A Runner Needs to Be Confident…

Ryan Hall, less than a week away from the US Marathon Trials, recently wrote, “I constantly remind myself that resting takes confidence. Anyone can train like a mad man but to embrace rest and to allow all the hard training to come out takes mental strength.” And it’s true.
male runner
When I was racing I loved it, don’t get me wrong. The excitement building up, the little buzz that rushes through you RIGHT before the gun goes off, but I HATED tapering. The extra energy left me bouncing off the walls (at least inside my mind) and I’d get antsy. I’d want to run more than the workouts prescribed, I didn’t, but I suuuure as heck wanted to.

Self restraint as a runner seems like an element that comes with age and experience. It’s important but I think it has to be learned on your own, sort of like you have to just let the new runners in our sport discover this lesson the hard way. You can tell a person something all you want but it doesn’t really hit home until they see what happens when you DON’T listen. Trial by fire I guess.

Some people it takes a few fires before they get it. Another major factor in learning self-restraint is exactly what Hall stated, and that’s confidence.

* It takes MORE confidence in your ability to back off when you need to.
* It takes more confidence that you’ve put in all the necessary work and then taper before races than it does to doubt that you’re not quite ready and try to pound out one more workout before the race.
* It takes more confidence to rest or stop a run/workout short if you’re on the verge of an injury.
* It takes more confidence to be patient.
woman runner
And here we’ve worked our way to patience. Patience in both racing and workouts.

Now, I’m a big fan of Prefontaine and running gutsy, I like an honest race pace as much as the next person, but there is a difference between going out hard from the gun because you can and just blitzing out like a bat out of hell and running a kamikaze mission of sorts. The blow-up comes a mile or two later and the monkey jumps on your back.

Going out too fast for you ability is lacking patience and to a degree confidence. Sure, it’s easy to let nerves and excitement carry you away and go out too fast, but after that there’s a lack of confidence. You are afraid that if you don’t try and go out hard, try to gap the field NOW, you’re never going to win. Or you’re never going to be able to keep up or run the time you want…you’re trying to build a cushion in case you slow down later.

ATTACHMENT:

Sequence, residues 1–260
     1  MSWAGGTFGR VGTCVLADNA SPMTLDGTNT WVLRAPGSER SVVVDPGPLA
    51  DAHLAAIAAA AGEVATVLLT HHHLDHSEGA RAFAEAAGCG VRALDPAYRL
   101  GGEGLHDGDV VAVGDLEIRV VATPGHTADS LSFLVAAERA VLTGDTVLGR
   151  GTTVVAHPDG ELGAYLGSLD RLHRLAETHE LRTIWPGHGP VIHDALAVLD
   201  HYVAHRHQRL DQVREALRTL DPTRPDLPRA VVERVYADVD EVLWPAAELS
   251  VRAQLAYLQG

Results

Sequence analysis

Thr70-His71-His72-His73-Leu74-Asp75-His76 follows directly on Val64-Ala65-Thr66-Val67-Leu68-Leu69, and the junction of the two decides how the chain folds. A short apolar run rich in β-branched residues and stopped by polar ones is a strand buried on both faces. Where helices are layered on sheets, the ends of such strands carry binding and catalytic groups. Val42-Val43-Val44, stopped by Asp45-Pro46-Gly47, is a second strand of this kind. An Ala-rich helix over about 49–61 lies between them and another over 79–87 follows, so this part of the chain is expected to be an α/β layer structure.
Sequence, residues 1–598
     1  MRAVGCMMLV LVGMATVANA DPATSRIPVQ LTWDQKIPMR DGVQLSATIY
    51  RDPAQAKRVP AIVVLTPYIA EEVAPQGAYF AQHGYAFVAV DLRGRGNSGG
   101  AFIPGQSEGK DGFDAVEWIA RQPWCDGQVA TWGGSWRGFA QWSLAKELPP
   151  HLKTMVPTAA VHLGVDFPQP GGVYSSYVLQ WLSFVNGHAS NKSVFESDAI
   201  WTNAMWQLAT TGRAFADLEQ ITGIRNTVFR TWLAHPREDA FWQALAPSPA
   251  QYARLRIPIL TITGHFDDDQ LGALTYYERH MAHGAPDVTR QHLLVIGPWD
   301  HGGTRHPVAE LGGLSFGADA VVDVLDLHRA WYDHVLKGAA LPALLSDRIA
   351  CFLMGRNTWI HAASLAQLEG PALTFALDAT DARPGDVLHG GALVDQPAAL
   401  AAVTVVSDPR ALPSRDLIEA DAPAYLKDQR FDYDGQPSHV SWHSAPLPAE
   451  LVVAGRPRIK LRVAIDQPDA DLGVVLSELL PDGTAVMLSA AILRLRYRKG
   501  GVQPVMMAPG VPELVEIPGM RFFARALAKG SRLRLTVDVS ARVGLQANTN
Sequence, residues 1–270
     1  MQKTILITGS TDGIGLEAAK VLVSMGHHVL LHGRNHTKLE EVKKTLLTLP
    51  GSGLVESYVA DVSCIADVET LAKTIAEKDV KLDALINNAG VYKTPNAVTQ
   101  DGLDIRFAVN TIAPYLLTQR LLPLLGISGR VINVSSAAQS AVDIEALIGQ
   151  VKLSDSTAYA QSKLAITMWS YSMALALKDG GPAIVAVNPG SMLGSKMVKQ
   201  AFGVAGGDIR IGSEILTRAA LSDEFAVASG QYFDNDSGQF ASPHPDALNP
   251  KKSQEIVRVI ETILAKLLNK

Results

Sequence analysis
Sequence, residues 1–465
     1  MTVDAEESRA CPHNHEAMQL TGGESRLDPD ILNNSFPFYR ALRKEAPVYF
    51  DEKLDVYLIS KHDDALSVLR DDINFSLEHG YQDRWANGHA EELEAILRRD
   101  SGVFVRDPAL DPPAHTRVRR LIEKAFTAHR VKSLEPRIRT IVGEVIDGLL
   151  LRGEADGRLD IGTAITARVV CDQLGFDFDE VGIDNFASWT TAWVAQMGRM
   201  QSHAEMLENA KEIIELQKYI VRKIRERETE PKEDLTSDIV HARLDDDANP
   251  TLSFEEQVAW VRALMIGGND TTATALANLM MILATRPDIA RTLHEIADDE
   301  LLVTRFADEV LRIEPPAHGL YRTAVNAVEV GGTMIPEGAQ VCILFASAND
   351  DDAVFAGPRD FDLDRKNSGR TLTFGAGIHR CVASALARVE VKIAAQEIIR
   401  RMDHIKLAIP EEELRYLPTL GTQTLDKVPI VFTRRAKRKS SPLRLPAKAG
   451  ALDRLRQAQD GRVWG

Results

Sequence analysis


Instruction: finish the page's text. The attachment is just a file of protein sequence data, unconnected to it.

That doesn’t work. Have the confidence to be patient, go out smart and pick it up as the race progresses.

Patience comes into play for workouts too, you shouldn’t be racing your workouts. If you go to the well every time out you’re going to be too zapped to race well. In an interview I did with Ryan’s wife Sara Hall, also a professional runner, she admits to struggling with this in the past, “I’m also going to make a conscious effort to run my hard workouts at the appropriate energy level. I’m notorious for ‘racing my workouts’ because I really enjoy running really hard, and I’ve been in the camp
for a while that ‘faster is better’ and ‘a lot faster is even better’.” Coming off her Gold at the Pan Am Games in the Steeplechase and going forward she’s working on that, “But I’m going to try to communicate with Dena [Evans] what pace exactly I need to run and try to run that instead of running all out, whatever time that is. It takes confidence and self-control, but I know it will pay off in the long run.”

confidence

Be confident in yourself.

Patience takes confidence. And a runner needs confidence.

1) How have you learned to be confident as a runner?

2) Do you like or hate tapering for a race?

3) How do you exercise patience and confidence in both races and workouts?

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18 thoughts on “A Runner Needs to Be Confident…

  1. love this because we all have to learn this the hard way, i know that i have. this was a wonderful post, and it was just what i needed for one of my clients that insists running every day is necessary for progress. they think i’m crazy telling them to take days off, and i’m glad i’m not the only one who finds it valuable :)